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Deal or No Deal?— Weekly Market Review

Jerry Webman, Ph.D., CFA

Chief Economist

Political posturing in Washington D.C. continued to buffet financial markets last week, with financial markets soaring as the outlines of a potential deal began to emerge. Thursday recorded the second-best day for stocks in 2013 on reports that lawmakers were making progress on a deal that would, at the very least, delay a potential breach of the debt ceiling and perhaps set the stage for a resolution of the showdown now gripping the capital.

While the government shutdown has caused hardship for many, its direct effect on the overall economy appears muted so far. Estimates of the damage it’s causing are generally in the tenths-of-a-percent of GDP per week range. Clearly, the struggling U.S. economy doesn’t need any self-inflicted dead weight, but there’s little evidence that a shutdown alone could tip the U.S. into recession unless it goes on for quite a while. 

The debt ceiling debate remains the real threat. Simply put, Congress has approved spending that exceeds the government’s revenues from taxation and must borrow to make up the difference. In the absence of a high enough debt ceiling, the government will not be able to pay for all the commitments it has already made, whether to bond-holders, social security recipients, veterans, contractors, or anyone else to whom it has a financial obligation. I’ve discussed the dangers of breaching the debt ceiling at length in this space and others; suffice it to say that the consequences of a default on interest payments would be terrible, and even if interest payments were to be prioritized, failing to raise the debt ceiling could result in a sudden stop to much of the government’s spending, which could easily tip the economy into recession.

It’s unsurprising, then, that financial markets cheered, and volatility eased, late last week on news that the rough outlines of a resolution to the standoff were taking form. While the weekend has produced reports of a number of different proposals and refusals originating in both the House and Senate, the most likely outcome is a deal to raise the debt ceiling for a certain period of time and re-open the government in exchange for negotiations and possible concessions  over taxation, spending and health care reform. As I wrote in a blog post last week, we could see a deal that includes items Republicans favor, such as changes to Social Security cost-of-living adjustment methodology and/or additional income verification for health benefits, plus the repeal of a tax on medical devices, along with greater flexibility on sequestration spending limits, which would appeal to Democrats.

While the potential for bad outcomes, including one that sets the stage for paralyzing showdowns over the debt ceiling, definitely exists, the possibility remains that at the end of all this drama, the U.S. winds up with less short-term austerity and some progress toward containing growth in long-term entitlement spending, which would be beneficial for the economy now and in the future. Stranger things have happened.

3Q Earnings Season Kicks Off

With the D.C. follies receiving so much attention over the last few weeks, some may have overlooked that third-quarter earnings season is now underway. As of last Friday afternoon, a mere 32 of the constituents of the S&P 500 Index had reported results. Among those, 66% posted better-than-expected earnings (well above the long-term average) and 53% reported better-than-expected sales (slightly below the long-term average).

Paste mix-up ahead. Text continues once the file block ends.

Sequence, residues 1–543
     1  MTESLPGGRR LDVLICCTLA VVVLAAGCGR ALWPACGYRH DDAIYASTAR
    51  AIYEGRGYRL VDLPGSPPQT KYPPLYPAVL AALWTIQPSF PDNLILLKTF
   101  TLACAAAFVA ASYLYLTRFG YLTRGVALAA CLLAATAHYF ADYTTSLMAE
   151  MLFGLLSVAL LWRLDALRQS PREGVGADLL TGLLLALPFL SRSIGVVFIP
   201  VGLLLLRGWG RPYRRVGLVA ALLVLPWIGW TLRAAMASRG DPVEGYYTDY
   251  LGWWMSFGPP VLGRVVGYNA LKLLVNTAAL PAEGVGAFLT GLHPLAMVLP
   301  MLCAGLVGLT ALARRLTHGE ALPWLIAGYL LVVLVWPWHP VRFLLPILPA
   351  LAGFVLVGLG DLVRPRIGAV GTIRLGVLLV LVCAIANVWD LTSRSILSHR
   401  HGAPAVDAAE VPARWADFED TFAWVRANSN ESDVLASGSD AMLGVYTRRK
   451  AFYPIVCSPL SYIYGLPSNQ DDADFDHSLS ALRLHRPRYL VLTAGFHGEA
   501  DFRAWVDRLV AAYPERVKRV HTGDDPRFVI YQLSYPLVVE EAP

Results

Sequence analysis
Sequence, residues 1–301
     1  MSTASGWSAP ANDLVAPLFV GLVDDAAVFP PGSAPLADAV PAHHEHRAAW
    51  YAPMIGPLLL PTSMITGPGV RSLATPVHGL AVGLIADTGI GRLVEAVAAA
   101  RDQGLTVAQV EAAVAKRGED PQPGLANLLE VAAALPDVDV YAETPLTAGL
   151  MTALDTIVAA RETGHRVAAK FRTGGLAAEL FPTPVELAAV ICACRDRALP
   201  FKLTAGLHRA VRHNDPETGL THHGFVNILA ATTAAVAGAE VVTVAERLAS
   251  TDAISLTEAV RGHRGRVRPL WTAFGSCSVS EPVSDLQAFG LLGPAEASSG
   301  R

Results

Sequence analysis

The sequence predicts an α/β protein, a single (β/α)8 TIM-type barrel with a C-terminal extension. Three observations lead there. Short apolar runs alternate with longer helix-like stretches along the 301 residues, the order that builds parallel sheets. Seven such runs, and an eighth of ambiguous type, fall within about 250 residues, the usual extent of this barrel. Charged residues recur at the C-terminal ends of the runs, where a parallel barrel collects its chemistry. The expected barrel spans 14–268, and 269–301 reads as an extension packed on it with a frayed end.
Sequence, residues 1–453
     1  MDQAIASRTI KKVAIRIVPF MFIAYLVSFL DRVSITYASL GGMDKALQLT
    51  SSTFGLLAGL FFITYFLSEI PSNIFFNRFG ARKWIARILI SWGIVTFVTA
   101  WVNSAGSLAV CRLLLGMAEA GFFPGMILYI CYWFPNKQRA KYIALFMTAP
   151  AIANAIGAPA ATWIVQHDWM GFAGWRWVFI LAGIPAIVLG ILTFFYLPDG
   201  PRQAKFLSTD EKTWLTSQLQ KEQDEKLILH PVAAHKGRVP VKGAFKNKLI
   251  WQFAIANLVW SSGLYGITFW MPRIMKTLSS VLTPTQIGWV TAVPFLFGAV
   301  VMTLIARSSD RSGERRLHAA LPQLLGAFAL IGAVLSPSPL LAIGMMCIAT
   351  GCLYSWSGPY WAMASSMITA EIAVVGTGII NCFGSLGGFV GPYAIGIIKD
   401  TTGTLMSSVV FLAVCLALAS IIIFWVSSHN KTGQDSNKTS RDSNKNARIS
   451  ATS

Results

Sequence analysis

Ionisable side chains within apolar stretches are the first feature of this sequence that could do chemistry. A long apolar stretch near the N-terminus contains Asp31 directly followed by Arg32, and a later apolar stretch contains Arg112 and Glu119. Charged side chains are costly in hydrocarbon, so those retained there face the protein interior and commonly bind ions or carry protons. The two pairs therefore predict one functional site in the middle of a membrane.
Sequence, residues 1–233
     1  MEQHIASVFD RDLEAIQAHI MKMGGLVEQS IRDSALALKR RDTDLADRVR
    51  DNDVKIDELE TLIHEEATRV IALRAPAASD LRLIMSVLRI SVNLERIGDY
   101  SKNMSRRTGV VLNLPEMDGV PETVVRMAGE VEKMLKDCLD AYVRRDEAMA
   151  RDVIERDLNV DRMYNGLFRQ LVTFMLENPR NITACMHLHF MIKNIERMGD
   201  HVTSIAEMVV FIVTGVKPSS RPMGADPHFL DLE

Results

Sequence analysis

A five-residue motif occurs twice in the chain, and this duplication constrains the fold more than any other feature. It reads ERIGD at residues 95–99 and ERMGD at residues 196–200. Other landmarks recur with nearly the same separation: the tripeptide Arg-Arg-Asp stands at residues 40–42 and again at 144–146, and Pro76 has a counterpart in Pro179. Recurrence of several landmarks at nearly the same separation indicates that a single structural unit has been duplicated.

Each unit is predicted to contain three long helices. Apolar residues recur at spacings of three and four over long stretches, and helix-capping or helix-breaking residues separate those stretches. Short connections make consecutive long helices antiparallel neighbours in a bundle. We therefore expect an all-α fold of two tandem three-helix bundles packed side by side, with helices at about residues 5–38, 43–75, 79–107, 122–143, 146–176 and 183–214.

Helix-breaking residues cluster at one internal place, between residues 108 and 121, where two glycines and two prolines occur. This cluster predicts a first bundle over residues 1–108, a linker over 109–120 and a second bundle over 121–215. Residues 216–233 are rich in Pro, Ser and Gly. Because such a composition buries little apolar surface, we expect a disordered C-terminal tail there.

As has been the case for several quarters now, generally leaner-running companies have fewer avenues through which to drive earnings besides increasing sales, but with unemployment still elevated, wages basically flat, and capital spending by business still soft, growing sales remains a challenge for many businesses. Slowing economic growth in emerging markets and little more than the appearance of a few “green shoots” in the Eurozone contribute to the list of challenges, especially to U.S. companies that export into those markets. Valuations, at 16.7x trailing 12-month earnings for the S&P 500 Index, are richer than they were only a year ago, but they still don’t appear unduly stretched by historical standards and could even expand if companies’ prospects improve. Going forward, I expect to see the market increasingly differentiate between companies that both manage capital efficiently and grow sales organically, and to reward the winners. In such an environment, selectivity becomes crucial for investors.

Yellen Nominated for Fed Chair

In what would normally have been the top economic story of the week, the President nominated Janet Yellen, Vice Chair of the Fed’s Board of Governors, to be the next chairwoman of the Federal Reserve. The move, assuming Congress approves her nomination, ensures continuity in the central bank’s policies. Though I expect a heated confirmation debate in the Senate, there’s no doubt that she’s qualified for the job, having previously served as head of the San Francisco Fed and on the Federal Reserve System’s Board of Governors. And while she has a reputation as being something of a dove, she has a record of pushing to rein in inflation during the Greenspan years. Her academic focus on unemployment is also relevant, for obvious reasons. Finally, I’d add that her nomination, instead of Larry Summers’, sidesteps an important problem that I recently highlighted: Picking Summers, the favorite of White House insiders, might have raised uncomfortable questions regarding the Fed’s independence, the importance of which is difficult to overstate.

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